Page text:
2013 Volume 4 Issue 2 Pages 148-159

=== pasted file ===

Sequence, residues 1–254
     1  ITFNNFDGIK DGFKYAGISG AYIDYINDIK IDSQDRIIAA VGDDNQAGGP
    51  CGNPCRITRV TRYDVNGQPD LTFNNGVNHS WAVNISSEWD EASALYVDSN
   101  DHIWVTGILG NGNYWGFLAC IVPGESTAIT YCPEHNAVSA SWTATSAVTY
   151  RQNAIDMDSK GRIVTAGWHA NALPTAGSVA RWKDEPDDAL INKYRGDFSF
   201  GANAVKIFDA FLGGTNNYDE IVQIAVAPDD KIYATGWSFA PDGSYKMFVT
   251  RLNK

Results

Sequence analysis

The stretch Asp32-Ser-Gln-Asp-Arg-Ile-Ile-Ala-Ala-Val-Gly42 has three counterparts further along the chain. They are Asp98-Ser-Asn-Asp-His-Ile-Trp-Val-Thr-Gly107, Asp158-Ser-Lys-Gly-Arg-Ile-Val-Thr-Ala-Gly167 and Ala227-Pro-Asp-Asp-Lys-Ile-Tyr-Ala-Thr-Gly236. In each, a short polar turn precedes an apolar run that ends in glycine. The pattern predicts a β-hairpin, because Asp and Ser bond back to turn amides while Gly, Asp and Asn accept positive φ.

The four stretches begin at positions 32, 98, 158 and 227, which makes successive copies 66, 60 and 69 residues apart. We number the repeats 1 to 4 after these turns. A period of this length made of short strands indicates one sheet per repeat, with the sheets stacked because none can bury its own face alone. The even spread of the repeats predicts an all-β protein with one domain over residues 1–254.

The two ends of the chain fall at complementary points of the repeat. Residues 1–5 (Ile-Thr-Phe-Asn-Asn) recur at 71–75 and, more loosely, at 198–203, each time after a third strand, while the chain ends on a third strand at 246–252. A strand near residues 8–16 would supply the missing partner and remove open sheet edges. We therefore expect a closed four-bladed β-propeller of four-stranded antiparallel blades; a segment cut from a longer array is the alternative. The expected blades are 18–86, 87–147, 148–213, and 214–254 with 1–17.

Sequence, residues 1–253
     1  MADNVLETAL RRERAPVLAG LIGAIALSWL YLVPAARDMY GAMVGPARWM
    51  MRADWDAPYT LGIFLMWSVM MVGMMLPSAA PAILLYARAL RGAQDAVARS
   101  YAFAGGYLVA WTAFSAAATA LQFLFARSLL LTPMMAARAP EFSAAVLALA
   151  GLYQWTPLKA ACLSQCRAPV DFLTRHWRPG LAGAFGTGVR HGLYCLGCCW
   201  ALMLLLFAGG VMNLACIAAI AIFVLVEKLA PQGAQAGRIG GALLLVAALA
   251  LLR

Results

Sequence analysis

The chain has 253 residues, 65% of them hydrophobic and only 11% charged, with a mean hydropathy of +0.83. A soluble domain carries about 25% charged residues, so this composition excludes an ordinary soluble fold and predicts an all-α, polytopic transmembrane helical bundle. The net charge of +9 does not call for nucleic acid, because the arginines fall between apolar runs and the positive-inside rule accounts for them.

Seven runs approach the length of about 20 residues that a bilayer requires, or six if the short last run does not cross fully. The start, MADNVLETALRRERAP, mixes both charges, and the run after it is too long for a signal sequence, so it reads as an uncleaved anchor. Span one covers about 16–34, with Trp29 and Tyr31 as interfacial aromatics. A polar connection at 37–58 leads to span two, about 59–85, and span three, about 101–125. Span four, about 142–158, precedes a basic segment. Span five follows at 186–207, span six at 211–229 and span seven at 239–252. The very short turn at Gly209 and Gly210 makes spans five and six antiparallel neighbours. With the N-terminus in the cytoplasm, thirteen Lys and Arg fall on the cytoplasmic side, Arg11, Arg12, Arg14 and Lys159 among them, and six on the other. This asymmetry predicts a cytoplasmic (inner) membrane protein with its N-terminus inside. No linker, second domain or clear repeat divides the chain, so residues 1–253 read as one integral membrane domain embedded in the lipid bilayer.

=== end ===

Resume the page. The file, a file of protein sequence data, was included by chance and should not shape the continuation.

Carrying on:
A complex network consisting of nodes and links evolves through time by destroying old links and creating new links. Existing nodes can also be destroyed and new nodes can be created. We introduce a framework based on the evolution of the minimal cycle topology whereby the changes in the network can be characterized through properties of a new similarity network. We demonstrate the methodology by focussing on the local mesoscopic cycle evolution within structural contact networks of quasistatically deforming dense granular materials. At each stage of a prescribed loading program (e.g. biaxial compression subject to constant confining pressure boundary conditions) the assembly of granular particles is represented by a contact network. This complex network is rich in cycle topologies and for each particle we compare the changes to its local mesoscopic cycle topology across a specified strain (or temporal) interval. A similarity network constructed using close topological distance of cycle changes between particles summarizes the structural evolution. Properties of the similarity network including centrality measures and motif structures helps to reveal deformation associated with stick-slip behaviour.